What is an Aviation Maintenance Technician?

Aircraft maintenance technicians (AMTs)―also known as airframe and powerplant (A&P) technicians―work around the clock for your safety by ensuring every plane and train passes inspection before leaving for its destination. If you’ve ever flown on an airplane, for example, you know the drill. From waiting on Transportation Security Administration (TSA) lines, to boarding the plane, the endgame is to arrive at your destination safely. If you ever wondered who is working behind the scenes to keep the planes properly maintained, the answer might be―you! Vaughn can help launch your dream career, and in less time than you may think.

Set Your Sights on Vaughn College

The ATI at Vaughn is the perfect launching pad where you can earn your Federal Aviation Administration (FAA) A&P certificate to prepare for a high-paying career. In fact, the latest forecast from Boeing revealed the industry will need as many as 635,000 new technicians by 2037―and that’s just on the commercial aviation side.

Vaughn offers many degree programs in this exciting, high-paying field that can open many doors for students interested in aviation careers:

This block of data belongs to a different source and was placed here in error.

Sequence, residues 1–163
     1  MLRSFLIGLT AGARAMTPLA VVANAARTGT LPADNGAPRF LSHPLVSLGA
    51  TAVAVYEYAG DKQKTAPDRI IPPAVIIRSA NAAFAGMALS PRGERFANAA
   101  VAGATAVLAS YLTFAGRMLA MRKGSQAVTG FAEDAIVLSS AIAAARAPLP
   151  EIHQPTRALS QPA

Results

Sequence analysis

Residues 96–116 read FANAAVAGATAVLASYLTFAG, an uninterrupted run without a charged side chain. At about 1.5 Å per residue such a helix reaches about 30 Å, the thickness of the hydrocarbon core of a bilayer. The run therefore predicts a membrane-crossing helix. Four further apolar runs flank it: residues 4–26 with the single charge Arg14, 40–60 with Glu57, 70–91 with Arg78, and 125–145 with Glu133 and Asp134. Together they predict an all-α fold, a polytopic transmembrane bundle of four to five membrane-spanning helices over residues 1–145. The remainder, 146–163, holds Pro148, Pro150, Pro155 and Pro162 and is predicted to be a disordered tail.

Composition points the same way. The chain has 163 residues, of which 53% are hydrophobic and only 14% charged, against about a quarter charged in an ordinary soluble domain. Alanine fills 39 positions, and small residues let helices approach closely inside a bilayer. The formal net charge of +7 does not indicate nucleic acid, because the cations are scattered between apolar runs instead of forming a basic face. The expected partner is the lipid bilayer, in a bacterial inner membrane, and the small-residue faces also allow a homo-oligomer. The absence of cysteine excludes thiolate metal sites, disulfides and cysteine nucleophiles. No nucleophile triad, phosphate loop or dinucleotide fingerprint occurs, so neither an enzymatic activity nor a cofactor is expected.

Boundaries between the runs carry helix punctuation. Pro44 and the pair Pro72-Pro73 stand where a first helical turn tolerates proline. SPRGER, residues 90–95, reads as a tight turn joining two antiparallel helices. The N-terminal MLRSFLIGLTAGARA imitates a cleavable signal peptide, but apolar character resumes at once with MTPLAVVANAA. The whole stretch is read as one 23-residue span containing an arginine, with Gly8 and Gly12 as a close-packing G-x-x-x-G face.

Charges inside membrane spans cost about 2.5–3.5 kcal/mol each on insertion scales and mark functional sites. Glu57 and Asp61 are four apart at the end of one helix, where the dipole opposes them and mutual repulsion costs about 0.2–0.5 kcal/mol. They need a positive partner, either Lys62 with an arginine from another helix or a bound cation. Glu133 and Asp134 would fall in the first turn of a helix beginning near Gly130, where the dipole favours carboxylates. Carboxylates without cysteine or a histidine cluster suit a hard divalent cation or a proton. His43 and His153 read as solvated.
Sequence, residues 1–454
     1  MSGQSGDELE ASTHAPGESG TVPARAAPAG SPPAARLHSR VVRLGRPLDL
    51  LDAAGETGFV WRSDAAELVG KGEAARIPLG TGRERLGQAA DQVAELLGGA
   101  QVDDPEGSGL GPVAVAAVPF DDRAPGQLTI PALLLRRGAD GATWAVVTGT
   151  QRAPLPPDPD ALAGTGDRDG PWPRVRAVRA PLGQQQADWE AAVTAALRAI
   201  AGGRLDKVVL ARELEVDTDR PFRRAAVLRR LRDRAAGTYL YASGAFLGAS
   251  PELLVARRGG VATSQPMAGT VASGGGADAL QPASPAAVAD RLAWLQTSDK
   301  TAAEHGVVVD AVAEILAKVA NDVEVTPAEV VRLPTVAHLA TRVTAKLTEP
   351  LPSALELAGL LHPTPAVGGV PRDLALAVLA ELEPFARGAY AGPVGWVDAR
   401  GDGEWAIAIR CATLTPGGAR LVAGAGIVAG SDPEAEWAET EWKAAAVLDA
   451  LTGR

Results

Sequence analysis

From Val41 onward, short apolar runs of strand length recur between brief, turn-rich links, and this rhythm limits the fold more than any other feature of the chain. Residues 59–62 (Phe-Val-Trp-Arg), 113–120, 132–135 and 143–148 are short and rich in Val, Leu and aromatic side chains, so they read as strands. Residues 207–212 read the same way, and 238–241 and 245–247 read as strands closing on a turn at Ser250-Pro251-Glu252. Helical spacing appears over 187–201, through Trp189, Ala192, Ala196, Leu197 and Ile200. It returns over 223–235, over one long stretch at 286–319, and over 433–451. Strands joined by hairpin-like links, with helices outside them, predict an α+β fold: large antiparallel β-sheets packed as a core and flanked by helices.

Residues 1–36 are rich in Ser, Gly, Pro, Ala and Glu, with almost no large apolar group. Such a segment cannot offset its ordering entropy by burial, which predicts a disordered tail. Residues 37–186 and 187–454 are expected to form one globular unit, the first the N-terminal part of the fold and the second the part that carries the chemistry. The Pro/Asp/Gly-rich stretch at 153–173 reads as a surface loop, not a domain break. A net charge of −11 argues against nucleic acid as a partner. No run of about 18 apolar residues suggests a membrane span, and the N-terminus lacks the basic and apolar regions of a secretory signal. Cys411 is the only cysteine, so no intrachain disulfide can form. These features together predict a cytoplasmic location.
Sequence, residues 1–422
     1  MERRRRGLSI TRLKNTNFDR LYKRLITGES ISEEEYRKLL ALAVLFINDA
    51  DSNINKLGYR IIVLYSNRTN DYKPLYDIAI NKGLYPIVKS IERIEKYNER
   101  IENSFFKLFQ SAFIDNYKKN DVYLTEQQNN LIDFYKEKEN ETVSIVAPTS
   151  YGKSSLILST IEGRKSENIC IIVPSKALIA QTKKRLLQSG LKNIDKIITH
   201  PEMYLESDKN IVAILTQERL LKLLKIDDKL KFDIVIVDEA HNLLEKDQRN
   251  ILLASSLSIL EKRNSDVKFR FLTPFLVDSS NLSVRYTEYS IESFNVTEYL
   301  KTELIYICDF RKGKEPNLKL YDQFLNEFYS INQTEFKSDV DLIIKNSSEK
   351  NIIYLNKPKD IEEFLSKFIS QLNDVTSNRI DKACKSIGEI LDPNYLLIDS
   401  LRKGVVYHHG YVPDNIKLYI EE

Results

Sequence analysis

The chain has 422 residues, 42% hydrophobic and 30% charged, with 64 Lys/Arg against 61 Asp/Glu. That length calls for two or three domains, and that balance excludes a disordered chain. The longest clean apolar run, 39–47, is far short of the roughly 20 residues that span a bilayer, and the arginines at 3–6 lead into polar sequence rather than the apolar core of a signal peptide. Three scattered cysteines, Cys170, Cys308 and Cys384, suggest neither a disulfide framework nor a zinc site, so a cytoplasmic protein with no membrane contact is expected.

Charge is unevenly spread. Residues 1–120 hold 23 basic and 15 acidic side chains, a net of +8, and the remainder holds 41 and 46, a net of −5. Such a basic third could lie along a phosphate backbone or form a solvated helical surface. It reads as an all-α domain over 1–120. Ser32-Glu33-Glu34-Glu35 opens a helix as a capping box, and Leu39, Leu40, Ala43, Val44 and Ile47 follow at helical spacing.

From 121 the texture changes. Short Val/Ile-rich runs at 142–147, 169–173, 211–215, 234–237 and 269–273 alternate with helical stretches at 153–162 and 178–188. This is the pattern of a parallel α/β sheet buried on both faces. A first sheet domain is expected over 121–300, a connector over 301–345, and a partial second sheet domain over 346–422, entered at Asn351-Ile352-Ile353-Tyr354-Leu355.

Aviation Maintenance Certificate Program

Looking to start your career sooner than later? This certificate program will give you the skills to install, build, diagnose and maintain multimillion-dollar equipment and systems in today’s aviation industry. Students who have a passion for hands-on learning in mechanical skills that involve airframe and powerplant maintenance operations are instructed on servicing, repair and maintenance of airframe structures and powerplants. This program can be completed in as little as 16 months, equaling four semesters, getting you out of the classroom and working on the ground sooner than you could have imagined.

Once you complete a Part 147 FAA-approved aviation maintenance technical program―such as the one offered at the ATI at Vaughn―you’ll be qualified to take the required Airframe and Powerplant (A&P) exams. To earn your A&P certificate, you must pass the written, oral and practical exams. If you hold a GED or high school diploma, you can also obtain an associate in occupational studies as part of this FAA-approved program. Students who complete their A&P certification―and who decide to pursue a more advanced degree at Vaughn―will be awarded 30 credits toward a bachelor’s or associate degree in aviation maintenance.